At the same time, officers were required to give their badge numbers and hand out cards to anyone they stopped and questioned on the street.

Within two months of instituting the new policy, the number of stops recorded plunged from 7,000 to 26, Goff said.

Neither speaker suggested such measures were the ultimate answer to the problem of police misbehavior, but Sherman said that many U.S. cities which had made an effort to reform police procedures had experienced drops in officer-involved shootings.

A “Tactical Operations Procedure” first established by the New York Police Department (NYPD) in the 1970s that required all officers involved in a shooting to go before an internal board to justify their actions sharply reduced the incidence of police shootings in the 1970s. But a 1989 Supreme Court ruling in Graham vs Connor, which allowed police involved in a shooting incident to defend their actions by claiming a “reasonable” fear of danger, undermined its effect, Sherman said.

Similarly, police-involved shootings as well as overall crime rates were sharply reduced in Camden, NJ, once ranked as one of America’s deadliest cities, after the entire police force was restructured in 2015 following a financial crisis.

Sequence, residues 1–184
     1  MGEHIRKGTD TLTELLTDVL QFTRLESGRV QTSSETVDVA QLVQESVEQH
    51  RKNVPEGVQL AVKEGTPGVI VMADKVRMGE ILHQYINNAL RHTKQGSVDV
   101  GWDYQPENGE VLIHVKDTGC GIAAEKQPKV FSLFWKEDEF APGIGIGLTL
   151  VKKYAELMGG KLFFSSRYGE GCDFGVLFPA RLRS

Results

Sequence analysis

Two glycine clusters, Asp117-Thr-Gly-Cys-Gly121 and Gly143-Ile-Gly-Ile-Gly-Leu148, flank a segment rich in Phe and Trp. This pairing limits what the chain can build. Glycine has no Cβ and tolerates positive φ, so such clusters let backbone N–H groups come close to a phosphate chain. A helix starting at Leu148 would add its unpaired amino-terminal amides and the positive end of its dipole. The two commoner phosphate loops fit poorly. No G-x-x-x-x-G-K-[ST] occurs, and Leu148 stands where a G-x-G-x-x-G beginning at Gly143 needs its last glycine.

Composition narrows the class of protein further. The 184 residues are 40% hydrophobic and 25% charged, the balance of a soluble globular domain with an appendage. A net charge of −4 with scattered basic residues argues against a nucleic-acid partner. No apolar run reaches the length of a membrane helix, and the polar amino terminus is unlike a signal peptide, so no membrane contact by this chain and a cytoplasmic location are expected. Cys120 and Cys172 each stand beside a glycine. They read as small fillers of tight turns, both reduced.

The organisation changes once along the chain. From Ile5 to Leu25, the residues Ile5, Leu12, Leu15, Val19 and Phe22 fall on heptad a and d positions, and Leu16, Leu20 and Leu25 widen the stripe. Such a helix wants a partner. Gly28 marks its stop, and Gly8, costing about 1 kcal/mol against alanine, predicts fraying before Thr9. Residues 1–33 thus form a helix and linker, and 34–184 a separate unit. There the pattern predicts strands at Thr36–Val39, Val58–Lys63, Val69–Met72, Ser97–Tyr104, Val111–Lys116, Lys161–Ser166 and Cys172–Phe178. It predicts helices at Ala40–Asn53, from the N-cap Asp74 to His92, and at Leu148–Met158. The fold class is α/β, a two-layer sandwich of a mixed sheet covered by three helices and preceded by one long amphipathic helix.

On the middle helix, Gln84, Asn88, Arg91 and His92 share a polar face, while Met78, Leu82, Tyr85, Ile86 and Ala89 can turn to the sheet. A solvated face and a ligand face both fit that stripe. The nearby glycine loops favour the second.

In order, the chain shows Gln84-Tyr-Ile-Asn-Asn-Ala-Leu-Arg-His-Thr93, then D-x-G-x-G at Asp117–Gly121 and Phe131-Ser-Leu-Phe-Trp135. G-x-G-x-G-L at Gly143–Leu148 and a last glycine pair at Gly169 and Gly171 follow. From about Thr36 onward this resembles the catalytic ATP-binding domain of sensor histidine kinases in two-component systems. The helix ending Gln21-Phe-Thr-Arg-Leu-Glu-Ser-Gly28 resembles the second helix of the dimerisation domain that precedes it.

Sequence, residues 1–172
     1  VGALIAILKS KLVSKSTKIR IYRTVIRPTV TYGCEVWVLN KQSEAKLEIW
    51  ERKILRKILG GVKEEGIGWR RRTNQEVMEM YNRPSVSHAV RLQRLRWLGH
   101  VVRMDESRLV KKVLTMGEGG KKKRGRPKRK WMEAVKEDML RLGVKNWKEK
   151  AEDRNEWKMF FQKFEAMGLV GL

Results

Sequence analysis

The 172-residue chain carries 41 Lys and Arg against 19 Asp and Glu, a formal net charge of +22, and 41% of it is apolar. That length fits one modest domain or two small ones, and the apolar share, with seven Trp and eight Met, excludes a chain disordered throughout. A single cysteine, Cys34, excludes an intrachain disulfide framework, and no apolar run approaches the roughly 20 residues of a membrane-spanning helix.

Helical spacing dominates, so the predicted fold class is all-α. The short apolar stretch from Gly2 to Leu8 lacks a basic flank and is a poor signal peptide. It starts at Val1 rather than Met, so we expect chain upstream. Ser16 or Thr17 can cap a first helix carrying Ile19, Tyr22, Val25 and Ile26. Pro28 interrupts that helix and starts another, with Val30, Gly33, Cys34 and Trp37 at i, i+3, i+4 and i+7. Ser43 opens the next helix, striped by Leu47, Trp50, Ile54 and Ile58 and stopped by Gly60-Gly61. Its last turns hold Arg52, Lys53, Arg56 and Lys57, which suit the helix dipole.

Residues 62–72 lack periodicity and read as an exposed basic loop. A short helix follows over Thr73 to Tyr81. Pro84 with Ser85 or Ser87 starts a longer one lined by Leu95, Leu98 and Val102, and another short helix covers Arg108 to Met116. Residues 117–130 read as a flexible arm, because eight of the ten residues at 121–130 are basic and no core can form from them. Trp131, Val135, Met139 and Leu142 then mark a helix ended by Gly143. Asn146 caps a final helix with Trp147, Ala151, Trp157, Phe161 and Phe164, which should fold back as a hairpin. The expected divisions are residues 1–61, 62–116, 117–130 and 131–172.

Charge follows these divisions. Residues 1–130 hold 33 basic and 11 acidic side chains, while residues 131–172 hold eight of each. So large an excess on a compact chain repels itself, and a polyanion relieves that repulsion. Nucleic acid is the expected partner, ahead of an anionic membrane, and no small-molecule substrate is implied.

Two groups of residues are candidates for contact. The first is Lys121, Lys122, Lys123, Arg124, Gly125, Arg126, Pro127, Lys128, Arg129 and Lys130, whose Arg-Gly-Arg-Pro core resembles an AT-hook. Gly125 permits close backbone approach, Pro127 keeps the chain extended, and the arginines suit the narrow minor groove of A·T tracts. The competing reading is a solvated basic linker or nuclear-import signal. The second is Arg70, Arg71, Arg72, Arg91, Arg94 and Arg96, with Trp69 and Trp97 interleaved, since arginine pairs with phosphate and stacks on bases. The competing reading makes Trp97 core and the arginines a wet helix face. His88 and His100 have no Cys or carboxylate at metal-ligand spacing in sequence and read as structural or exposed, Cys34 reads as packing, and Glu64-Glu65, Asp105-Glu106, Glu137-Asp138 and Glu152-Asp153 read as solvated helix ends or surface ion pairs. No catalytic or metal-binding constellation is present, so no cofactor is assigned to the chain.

Sherman conceded that many officers would continue to resist advice from academics, community activists and even their police bosses to use patience when dealing with potentially dangerous confrontations because they felt their lives were on the line.

But a coordinated strategy that used some of the same principles of avoiding system “crashes” employed by the aviation and healthcare industries could be effective in smaller cities where police agencies were often understaffed and under financial pressure—with little ability to vet and monitor new officers.

“There would be fewer police killed, and fewer civilians would die,” Sherman said.

Wednesday’s Fordham panel was moderated by Tracey Meares, Walton Hale Hamilton Professor of Law and Founding Director of The Justice Collaboratory at Yale Law School.

Stephen Handelman is executive editor of The Crime Report. He welcomes readers’ comments.

from https://thecrimereport.org